An oxygen-free environment is the key to making high-quality graphene. The finding could enable faster, more reproducible production of the 2D carbon allotrope, which is often referred to as a ‘wonder material’ due to its unusual physical and electronic properties.


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Graphene’s structure means it has highly sought after properties including strength and electrical conductivity

Graphene is formed of a single layer of carbon atoms arranged in a hexagonal lattice. Its unique properties have been exploited in all sorts of graphene-enhanced products, including tennis rackets, pacemakers, aircraft coatings and even high-tech potatoes.


Source: © Jacob Amontree et al/Springer Nature Limited 2024

AFM topography of the graphene surface when grown in the absence of oxygen shows a material with few folds or wrinkles. Scale bar, 1μm.

While the material was famously first discovered by exfoliating graphite with a piece of scotch tape, the most common method for making it today involves a process called chemical vapour deposition (CVD). The CVD process works by passing methane over a copper surface at a high temperature and low pressure. Methane molecules bind to the metal surface and then decompose leaving clusters of carbon atoms that grow together, eventually forming graphene films. While the CVD method allows the production of larger graphene crystals than exfoliation, graphene made this way tends to contain more defects, which affects its electronic performance.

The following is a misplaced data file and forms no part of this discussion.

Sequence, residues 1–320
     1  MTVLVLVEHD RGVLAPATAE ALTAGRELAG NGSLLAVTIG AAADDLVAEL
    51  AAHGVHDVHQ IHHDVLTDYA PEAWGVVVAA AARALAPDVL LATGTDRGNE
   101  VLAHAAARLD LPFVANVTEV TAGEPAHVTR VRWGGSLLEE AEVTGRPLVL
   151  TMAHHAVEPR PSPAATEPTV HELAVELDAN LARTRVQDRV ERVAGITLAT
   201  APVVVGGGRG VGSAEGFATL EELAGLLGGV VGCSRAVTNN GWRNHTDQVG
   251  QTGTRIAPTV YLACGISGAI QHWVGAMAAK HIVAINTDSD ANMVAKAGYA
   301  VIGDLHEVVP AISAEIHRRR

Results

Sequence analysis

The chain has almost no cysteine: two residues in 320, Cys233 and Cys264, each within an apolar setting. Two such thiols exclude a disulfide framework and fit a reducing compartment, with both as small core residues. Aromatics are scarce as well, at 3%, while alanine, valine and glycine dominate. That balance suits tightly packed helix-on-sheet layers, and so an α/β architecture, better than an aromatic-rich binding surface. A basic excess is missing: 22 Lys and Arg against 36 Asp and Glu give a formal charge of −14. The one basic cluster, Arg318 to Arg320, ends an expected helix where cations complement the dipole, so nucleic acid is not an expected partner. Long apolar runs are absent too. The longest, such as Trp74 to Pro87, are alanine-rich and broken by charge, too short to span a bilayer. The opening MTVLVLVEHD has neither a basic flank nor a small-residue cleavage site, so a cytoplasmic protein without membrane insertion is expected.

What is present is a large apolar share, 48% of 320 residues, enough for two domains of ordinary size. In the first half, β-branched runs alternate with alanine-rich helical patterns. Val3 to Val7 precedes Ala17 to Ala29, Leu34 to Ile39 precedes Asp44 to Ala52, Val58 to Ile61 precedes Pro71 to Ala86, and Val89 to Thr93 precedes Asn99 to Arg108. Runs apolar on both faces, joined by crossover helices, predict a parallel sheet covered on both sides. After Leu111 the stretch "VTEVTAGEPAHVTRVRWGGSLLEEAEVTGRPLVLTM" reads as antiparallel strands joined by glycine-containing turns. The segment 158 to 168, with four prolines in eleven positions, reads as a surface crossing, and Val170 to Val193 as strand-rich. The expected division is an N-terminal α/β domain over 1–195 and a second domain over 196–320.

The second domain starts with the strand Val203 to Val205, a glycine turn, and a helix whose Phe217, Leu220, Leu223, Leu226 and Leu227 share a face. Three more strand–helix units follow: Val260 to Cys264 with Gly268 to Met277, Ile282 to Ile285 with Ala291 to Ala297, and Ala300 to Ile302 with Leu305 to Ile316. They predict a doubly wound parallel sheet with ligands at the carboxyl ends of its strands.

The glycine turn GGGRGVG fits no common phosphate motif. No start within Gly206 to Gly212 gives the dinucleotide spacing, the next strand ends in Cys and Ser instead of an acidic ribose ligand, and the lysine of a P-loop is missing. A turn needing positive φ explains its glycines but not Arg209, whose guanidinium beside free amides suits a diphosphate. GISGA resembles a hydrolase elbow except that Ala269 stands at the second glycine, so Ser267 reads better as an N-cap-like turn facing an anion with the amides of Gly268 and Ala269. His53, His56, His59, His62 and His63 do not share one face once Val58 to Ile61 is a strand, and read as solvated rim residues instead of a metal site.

Now, researchers in the US, Canada and Japan have shown that trace amounts of oxygen gas alter the growth of graphene grains and lead to the formation of amorphous carbon during the CVD process. The team showed that in a carefully controlled oxygen-free environment, CVD can be used in a fast and repeatable way to produce high quality graphene. The researchers note that the samples produced this way show electronic transport performance ‘exceeding all previous reports for CVD graphene and rivalling that of exfoliated graphene’.